BAL, an important tool in assessing occupational lung diseases, is an invasive technique and thus unsuitable for screening programmes, the evaluation of exposure and the monitoring of hazardous dust.
Examination of induced sputum is a noninvasive method to directly study particulate burden and inflammatory processes in the lung.
The correlation between cells retrieved by BAL and induced sputum shows different proportions of leukocytes, but similar eosinophil cell counts and qualitative/quantitative analyses of particles.
Many accumulating lines of evidence have shown that the eosinophil count is a useful marker for monitoring OA.
To introduce induced sputum methodology in the field of occupational lung diseases.
To describe the eosinophil count as a method of monitoring occupational asthma.
To explain how to use quantitative and qualitative analysis of inhaled particles in hazardous dust exposure.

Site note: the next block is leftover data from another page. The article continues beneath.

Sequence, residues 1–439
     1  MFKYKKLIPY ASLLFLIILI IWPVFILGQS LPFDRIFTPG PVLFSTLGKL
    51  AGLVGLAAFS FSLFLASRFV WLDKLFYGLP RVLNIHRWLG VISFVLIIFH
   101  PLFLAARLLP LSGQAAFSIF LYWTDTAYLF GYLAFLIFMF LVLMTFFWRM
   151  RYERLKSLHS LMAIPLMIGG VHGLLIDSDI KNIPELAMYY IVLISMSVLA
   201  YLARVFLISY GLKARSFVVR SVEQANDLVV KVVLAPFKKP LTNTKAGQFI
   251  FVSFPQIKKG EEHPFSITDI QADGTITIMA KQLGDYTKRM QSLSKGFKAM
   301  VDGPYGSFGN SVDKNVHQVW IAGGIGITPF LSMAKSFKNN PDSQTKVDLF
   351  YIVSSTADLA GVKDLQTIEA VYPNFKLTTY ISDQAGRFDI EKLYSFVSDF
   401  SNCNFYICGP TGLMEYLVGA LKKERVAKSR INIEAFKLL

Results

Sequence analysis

Summary Induced sputum is a particularly promising procedure, since it provides specific information on both the cellular and molecular constituents in inflammation. In the period 1950–1970, sputum cells were examined on stained smears in both research and clinical settings. After their recovery by spontaneous coughing, the cells were used to study lung cancer and respiratory infections, and, later on, to diagnose Pneumocystis carinii pneumonia in patients infected with HIV. The method was widely improved upon by the induction of sputum with aerosol of hypertonic saline, and then extended to become part of the assessment of airway inflammation in bronchial asthma and COPD. However, less attention was given to the use of induced sputum in occupational exposures. This review analyses the value of induced sputum and presents its applications in pulmonary occupational and environmental medicine.
- ©ERS 2005
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